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Summary: "The Psalm of the King" is an exposition of Psalm 2, a Royal Psalm that declares Jesus reigns over heaven and earth. Psalm 2 declares the unimpeachable authority of Jesus Christ in four movements.

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Psalm 2

Psalm 2 is closely connected to Psalm 1. Both Jewish and Christian traditions indicate they were once considered one psalm. The two are separate psalms in our Bibles. Yet they stand together as the introduction to the Psalms. In a real sense, these two psalms seem out of place. Psalm 1 would fit better in the wisdom literature of Proverbs. Psalm 2 would fit better in the messianic passages of the prophets. But here they are as a passageway into the psalms. They remind us that the psalms are not merely ancient Hebrew poetry. The Book of Psalms is more than the hymnbook of the Jews. It is God-breathed scripture that finds its fulfillment in the Lord Jesus Christ.

Psalm 1 contrasts the way of the righteous and the way of the wicked and bids us to choose which way we will live. Psalm 2 warns there are consequences to the choice we make. Psalm 1 affirms the Lord’s authority over INDIVIDUALS. Psalm 2 affirms the Lord’s authority over NATIONS. Both realities are essential to our confidence in God. It is difficult to trust that God has control of the events of your life if you do not trust that God has control of the unfolding and outworking of history. But it is easy to trust that God has your life in his hands if you trust that God has the world in his hands. This is the message of Psalm 2. It was assurance that no one can stand against God’s chosen kings and God’s chosen people. It is also assurance for the church today. Psalm 2 is classified as a royal psalm, meaning it speaks beyond its historical context and points to the Messiah-King, the Lord Jesus Christ. All who trust in Christ can be comforted by the fact that Jesus reigns. It may not seem that way as you look at the world around you. But it is still true. Jesus reigns.

On D-Day – June 6, 1944 – the Allied forces invaded Normandy, ensuring victory in World War II. Yet the war continued until V-Day – May 7, 1945 – when the peace treaty was signed. Sadly, more people were killed between D-Day and V-Day than any other period of the war. Likewise, we live between the inauguration of the kingdom in the crucifixion and resurrection of Jesus Christ and its consummation when he returns. In this present-but-not-yet-kingdom, it often seems the death, burial, and resurrection of Jesus has not really changed anything. But no matter how things may seem, Jesus reigns over heaven and earth. Psalm 2 declares the unimpeachable authority of Jesus in four movements.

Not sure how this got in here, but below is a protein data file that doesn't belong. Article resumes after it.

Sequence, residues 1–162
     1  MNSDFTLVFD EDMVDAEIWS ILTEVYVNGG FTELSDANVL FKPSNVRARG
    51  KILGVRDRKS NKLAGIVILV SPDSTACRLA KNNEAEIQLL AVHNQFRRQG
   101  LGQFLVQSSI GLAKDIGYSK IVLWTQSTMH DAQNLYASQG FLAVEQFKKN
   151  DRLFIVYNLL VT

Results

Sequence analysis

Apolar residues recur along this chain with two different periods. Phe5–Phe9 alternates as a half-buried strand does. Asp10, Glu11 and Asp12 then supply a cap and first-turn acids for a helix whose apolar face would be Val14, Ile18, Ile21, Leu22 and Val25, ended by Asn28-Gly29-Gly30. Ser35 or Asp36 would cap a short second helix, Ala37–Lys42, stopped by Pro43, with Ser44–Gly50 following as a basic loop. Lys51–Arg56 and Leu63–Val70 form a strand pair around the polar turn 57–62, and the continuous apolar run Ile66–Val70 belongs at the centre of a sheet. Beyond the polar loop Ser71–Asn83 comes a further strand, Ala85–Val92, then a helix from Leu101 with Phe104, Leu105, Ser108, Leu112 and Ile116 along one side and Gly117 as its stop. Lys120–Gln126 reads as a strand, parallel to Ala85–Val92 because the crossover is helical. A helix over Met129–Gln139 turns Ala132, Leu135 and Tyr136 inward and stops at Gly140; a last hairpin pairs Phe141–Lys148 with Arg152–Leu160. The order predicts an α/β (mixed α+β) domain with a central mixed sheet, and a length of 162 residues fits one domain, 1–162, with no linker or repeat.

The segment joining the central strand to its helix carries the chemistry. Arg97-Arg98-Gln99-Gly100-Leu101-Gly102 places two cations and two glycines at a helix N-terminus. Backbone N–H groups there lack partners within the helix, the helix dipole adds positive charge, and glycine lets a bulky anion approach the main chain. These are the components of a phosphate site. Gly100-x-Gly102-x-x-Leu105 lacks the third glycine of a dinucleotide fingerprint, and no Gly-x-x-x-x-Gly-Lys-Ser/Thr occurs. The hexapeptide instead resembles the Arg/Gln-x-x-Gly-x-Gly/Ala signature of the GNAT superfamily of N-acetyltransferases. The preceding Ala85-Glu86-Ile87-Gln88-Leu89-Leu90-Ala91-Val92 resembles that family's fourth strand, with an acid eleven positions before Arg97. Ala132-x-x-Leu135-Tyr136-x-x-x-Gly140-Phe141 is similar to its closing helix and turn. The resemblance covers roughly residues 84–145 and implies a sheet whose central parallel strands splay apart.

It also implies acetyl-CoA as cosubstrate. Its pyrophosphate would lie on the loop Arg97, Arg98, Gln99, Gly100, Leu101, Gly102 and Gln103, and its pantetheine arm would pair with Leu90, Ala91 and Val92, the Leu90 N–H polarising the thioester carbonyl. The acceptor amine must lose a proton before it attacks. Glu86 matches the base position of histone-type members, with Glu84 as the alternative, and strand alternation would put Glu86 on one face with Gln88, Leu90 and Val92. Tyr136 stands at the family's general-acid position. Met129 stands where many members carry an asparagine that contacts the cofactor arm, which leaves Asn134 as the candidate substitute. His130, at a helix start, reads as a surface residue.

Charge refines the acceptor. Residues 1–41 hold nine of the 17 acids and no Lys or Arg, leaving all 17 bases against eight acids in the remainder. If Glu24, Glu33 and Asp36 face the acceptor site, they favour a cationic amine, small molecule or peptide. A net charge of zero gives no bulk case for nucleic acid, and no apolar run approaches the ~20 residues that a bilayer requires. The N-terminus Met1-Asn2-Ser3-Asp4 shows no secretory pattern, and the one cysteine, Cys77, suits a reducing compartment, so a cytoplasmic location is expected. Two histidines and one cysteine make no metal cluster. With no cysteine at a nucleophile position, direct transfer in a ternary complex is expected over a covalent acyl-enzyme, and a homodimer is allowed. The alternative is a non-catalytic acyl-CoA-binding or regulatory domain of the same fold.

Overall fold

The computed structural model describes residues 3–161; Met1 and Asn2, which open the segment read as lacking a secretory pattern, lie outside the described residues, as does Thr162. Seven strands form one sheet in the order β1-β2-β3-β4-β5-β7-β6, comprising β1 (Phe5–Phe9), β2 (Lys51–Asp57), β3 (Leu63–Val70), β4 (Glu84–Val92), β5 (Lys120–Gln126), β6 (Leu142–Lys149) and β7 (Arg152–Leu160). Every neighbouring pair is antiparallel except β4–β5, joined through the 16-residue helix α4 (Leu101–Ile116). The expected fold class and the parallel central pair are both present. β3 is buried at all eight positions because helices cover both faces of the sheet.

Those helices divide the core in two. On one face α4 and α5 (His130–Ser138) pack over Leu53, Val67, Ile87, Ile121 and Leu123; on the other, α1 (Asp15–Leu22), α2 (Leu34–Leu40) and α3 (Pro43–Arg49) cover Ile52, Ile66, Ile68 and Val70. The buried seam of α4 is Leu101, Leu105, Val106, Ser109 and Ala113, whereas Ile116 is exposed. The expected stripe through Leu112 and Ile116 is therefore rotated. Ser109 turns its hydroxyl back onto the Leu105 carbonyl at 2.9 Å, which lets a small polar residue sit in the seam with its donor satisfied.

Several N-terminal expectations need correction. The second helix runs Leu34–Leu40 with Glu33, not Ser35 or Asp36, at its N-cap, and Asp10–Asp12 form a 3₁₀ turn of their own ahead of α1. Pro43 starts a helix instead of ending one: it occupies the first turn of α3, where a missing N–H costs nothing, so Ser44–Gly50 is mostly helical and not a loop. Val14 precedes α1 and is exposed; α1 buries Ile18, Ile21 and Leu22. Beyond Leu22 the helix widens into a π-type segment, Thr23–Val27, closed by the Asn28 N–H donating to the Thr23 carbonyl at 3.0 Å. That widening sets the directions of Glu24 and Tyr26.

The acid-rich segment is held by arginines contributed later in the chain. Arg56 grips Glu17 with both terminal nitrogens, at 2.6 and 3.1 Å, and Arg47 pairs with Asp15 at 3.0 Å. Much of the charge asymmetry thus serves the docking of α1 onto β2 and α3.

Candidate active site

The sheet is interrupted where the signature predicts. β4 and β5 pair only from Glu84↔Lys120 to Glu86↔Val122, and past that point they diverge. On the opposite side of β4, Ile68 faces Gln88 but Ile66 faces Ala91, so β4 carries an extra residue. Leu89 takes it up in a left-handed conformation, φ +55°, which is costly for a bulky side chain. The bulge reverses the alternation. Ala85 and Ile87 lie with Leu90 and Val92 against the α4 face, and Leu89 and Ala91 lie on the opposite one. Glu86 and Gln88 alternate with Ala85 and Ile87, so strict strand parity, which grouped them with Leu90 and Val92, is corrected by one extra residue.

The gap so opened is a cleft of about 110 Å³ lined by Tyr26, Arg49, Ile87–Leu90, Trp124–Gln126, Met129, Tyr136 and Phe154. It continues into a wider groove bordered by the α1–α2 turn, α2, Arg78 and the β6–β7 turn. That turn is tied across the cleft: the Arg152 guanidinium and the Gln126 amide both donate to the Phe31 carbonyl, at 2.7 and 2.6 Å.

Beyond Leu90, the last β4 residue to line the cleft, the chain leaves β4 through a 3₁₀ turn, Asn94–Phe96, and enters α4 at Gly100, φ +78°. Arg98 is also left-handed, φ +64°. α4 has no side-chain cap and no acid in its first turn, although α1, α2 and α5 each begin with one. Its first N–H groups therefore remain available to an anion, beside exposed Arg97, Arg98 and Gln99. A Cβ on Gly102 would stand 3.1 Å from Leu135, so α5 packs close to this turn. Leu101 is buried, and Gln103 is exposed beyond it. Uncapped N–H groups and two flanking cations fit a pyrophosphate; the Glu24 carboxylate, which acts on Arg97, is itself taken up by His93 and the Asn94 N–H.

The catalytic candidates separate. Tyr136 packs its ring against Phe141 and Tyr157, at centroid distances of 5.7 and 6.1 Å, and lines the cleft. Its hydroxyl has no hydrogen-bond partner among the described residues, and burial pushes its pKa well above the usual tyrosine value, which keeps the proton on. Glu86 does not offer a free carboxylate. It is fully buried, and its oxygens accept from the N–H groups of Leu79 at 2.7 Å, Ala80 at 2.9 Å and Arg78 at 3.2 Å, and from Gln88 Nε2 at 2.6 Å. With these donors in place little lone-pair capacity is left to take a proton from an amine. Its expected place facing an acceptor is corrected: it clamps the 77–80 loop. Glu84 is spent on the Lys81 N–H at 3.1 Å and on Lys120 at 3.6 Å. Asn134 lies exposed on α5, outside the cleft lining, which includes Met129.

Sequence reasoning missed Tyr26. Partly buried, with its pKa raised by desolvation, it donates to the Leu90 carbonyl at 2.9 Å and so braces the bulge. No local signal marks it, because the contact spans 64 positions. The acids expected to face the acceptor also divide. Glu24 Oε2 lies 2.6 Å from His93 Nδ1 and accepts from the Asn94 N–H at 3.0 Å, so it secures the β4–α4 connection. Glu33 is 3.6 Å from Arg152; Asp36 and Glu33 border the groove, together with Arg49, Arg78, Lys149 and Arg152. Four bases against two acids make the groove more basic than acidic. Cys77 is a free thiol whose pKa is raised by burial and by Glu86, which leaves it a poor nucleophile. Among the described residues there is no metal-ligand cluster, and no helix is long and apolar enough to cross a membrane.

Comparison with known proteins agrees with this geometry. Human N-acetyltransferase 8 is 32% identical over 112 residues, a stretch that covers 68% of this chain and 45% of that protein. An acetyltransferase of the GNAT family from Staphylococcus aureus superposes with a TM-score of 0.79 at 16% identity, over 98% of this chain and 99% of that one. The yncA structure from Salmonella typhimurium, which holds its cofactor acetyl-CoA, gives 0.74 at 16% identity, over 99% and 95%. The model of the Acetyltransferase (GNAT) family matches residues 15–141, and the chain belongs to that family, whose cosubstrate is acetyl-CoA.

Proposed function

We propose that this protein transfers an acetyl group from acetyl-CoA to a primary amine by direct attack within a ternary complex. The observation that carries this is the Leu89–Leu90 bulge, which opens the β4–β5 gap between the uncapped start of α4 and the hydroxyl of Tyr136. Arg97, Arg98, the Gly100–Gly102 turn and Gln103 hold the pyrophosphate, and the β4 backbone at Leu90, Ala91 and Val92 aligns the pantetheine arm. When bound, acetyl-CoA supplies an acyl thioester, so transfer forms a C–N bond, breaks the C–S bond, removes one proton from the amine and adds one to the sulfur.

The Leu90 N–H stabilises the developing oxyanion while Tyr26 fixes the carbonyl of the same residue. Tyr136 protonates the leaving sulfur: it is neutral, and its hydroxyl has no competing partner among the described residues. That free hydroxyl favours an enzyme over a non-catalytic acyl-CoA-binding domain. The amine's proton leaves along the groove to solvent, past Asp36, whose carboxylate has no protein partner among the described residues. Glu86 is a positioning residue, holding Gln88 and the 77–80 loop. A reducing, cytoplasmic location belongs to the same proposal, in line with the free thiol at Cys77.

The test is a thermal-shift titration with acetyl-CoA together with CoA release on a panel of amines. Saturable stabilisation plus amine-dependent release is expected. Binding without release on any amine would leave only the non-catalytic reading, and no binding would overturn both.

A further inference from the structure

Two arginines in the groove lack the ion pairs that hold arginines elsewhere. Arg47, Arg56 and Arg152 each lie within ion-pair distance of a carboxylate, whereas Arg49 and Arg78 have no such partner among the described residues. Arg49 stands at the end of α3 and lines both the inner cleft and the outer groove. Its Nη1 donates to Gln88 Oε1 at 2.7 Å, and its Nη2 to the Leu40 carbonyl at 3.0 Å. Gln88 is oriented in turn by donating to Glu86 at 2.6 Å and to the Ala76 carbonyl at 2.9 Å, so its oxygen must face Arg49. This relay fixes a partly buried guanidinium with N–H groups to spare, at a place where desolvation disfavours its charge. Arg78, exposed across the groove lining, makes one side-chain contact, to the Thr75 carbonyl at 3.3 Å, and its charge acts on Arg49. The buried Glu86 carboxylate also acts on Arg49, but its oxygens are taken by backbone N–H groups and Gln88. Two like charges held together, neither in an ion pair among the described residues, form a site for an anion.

We do not know the author or occasion of this psalm. It is like walking into the movie in the middle of the drama. Verse 1 asks, “Why do the nations rage and the peoples plot in vain?” This rhetorical question speaks of a multinational or international movement. The nature of this movement is described two ways. THE NATIONS RAGE. People of various races, nationalities, and ethnicities assemble together tumultuously, like an angry mob ready to riot. But this mob scene is no emotional reaction or fit of passion. Verse 1 also says THE PEOPLES PLOT IN VAIN. The coming together of the nations is the result of a strategy plan. The Hebrew word for “plot” is used in Psalm 1:2, where it is translated “meditates.” Note the contrast. The godly meditates on God’s law, but the ungodly plot in vain. The word “vain” refers to that which is empty, futile, and worthless. So the psalmist rightly asks, “Why do the nations rage and the peoples plot in vain?”

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